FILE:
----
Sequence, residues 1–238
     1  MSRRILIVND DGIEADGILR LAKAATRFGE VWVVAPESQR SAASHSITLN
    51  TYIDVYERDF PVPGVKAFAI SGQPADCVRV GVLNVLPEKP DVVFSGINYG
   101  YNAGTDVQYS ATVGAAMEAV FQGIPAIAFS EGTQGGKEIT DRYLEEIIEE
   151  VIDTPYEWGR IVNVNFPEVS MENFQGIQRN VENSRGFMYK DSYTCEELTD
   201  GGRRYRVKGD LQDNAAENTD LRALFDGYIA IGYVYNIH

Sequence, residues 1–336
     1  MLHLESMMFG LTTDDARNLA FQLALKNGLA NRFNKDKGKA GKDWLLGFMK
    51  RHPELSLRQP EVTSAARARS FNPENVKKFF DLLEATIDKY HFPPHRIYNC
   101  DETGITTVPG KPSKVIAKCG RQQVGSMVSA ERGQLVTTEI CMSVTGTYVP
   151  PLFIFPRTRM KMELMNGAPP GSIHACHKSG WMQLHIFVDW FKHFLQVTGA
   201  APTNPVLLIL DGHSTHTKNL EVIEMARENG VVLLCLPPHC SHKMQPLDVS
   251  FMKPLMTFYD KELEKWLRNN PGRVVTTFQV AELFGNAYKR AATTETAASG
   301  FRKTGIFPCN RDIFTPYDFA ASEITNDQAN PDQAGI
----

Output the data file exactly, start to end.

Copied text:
Sequence, residues 1–238
     1  MSRRILIVND DGIEADGILR LAKAATRFGE VWVVAPESQR SAASHSITLN
    51  TYIDVYERDF PVPGVKAFAI SGQPADCVRV GVLNVLPEKP DVVFSGINYG
   101  YNAGTDVQYS ATVGAAMEAV FQGIPAIAFS EGTQGGKEIT DRYLEEIIEE
   151  VIDTPYEWGR IVNVNFPEVS MENFQGIQRN VENSRGFMYK DSYTCEELTD
   201  GGRRYRVKGD LQDNAAENTD LRALFDGYIA IGYVYNIH

Sequence, residues 1–336
     1  MLHLESMMFG LTTDDARNLA FQLALKNGLA NRFNKDKGKA GKDWLLGFMK
    51  RHPELSLRQP EVTSAARARS FNPENVKKFF DLLEATIDKY HFPPHRIYNC
   101  DETGITTVPG KPSKVIAKCG RQQVGSMVSA ERGQLVTTEI CMSVTGTYVP
   151  PLFIFPRTRM KMELMNGAPP GSIHACHKSG WMQLHIFVDW FKHFLQVTGA
   201  APTNPVLLIL DGHSTHTKNL EVIEMARENG VVLLCLPPHC SHKMQPLDVS
   251  FMKPLMTFYD KELEKWLRNN PGRVVTTFQV AELFGNAYKR AATTETAASG
   301  FRKTGIFPCN RDIFTPYDFA ASEITNDQAN PDQAGI